Already struggling to help the many flooded communities around the country, Nigeria’s emergency response agency warned the nation on Thursday that the height of the rainy season has still not arrived and that people should brace themselves for more floods ahead.
The National Emergency Management Agency (NEMA) is preparing for more flood emergencies, the director General Audu Bida told reporters in Abuja on Thursday but said that local governments needed to improve their preparedness also.
“Emergency management must be seen as a collective responsibility and not just the function of NEMA,” Audu said.
At least 26 people have killed in the last month by floods; thousands more have been left homeless.
UN aid officials told IRIN that despite NEMA’s best efforts to help the affected communities, most of the latest victims have not received assistance promptly. “In all the cases we’ve had so far it’s always the Red Cross that is the first to get there,” said a senior UN humanitarian official who asked not to be named when discussing the institutions the government.
Governor Jonah Jang of Plateau state, where 22 people were killed in floods early this week, has appealed to Nigeria’s president Umaru Yar’Adua to direct NEMA to come to his state’s assistance.
“We are trying to see how we can get some more sleeping and other relief materials to ameliorate people’s suffering because right now the weather is very cold and people need food in the various camps,” Jang told reporters after a meeting with President Yar’Adua in Abuja on Thursday.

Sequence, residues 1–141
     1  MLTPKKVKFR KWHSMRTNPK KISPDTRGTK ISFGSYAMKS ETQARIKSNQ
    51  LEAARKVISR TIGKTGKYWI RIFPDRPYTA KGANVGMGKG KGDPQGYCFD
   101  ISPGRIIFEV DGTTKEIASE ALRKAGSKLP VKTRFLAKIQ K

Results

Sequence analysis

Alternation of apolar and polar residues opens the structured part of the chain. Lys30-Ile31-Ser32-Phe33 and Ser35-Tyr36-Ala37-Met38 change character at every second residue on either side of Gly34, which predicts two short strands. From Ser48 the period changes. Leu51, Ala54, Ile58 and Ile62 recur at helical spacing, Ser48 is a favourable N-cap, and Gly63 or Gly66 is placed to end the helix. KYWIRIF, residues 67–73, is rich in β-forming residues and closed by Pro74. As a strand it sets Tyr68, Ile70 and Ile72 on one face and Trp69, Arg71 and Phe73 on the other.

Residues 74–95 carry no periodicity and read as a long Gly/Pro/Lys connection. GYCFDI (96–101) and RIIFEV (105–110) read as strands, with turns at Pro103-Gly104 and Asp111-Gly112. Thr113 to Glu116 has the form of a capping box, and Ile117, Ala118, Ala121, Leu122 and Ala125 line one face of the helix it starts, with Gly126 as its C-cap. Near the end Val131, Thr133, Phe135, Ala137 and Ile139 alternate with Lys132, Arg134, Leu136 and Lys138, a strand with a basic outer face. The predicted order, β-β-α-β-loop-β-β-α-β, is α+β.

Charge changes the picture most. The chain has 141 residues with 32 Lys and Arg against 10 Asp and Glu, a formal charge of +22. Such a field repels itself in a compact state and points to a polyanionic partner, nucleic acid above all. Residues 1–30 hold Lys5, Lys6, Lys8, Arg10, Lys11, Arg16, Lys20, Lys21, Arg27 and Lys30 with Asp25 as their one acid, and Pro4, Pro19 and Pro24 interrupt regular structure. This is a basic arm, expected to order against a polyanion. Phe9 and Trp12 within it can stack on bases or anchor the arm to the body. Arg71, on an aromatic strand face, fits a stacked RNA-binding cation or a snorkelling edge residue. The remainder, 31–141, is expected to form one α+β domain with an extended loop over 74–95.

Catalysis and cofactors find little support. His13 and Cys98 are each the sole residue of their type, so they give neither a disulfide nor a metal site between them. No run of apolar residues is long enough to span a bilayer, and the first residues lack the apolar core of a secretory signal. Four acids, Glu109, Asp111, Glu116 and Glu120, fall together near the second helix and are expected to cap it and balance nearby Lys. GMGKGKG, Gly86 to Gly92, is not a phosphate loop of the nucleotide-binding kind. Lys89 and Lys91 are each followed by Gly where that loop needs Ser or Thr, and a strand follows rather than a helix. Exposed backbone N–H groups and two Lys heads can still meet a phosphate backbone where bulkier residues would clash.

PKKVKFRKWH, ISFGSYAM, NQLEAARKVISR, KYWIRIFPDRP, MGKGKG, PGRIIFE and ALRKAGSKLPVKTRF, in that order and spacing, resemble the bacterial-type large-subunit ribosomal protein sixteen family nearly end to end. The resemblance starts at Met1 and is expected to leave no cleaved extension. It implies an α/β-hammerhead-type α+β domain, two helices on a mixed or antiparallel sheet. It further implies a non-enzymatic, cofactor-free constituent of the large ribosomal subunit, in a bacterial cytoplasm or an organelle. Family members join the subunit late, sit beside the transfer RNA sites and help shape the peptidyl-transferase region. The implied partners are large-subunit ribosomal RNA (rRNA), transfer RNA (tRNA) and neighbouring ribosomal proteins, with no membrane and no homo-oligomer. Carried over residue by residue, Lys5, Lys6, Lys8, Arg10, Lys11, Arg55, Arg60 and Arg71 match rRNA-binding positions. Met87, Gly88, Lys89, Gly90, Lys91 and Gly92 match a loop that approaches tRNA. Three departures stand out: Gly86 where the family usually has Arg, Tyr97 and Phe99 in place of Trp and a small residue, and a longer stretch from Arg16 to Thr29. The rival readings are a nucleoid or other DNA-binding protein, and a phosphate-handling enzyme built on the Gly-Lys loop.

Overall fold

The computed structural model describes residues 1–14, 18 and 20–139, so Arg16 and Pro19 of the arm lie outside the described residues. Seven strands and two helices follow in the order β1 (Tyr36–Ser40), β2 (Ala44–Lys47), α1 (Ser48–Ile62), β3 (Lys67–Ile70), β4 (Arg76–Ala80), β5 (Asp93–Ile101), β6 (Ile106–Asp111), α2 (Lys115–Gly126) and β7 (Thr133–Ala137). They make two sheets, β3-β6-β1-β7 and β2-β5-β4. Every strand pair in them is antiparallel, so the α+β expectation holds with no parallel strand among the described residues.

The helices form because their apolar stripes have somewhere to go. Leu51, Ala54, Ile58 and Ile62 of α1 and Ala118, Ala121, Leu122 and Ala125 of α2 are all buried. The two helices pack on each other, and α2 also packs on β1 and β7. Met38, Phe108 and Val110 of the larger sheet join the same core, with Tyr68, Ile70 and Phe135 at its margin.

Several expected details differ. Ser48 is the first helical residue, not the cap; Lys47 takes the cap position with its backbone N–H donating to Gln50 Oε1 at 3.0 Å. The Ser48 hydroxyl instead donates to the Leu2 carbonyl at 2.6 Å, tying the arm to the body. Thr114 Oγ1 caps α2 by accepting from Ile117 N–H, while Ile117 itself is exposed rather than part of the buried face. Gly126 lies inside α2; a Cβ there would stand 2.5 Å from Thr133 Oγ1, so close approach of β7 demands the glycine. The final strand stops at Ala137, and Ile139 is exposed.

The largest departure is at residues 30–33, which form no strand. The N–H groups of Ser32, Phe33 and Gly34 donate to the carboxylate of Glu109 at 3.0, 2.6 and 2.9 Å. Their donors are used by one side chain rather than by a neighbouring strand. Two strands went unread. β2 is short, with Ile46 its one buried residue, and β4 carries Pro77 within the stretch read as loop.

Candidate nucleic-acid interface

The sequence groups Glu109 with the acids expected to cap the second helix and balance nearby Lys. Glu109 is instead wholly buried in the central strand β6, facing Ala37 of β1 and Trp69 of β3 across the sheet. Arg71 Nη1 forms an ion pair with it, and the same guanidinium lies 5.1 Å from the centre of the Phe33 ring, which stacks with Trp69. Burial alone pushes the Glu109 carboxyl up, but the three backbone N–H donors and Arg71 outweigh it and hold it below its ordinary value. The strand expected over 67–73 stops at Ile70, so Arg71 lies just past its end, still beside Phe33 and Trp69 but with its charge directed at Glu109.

Jang said there were displaced people camped on both sides of the Wase River and the bridge across the river had washed away.
The floods in the past two weeks have been the worst Nigeria has experienced for several years. And with more rains expected for the next three months the experts say even more severe flooding can be expected.
Particularly at risk are towns and settlements lying close to rivers and streams, especially those lying downstream from dams on the country’s major waterways, including the Niger, Benue, Kaduna and Ogun rivers.
“Dam failure or levee breeches can occur with little warning,” NEMA warned in its latest disaster information bulletin. “Intense storms may produce a flood in a few hours or even minutes for upstream locations, flash floods occur within six hours of the beginning of heavy rainfall, and dam failure may occur within hours of the first signs of breaching.”
The agency said it was working with local authorities on issuing early warnings to downstream communities to enable them to evacuate ahead of any disaster.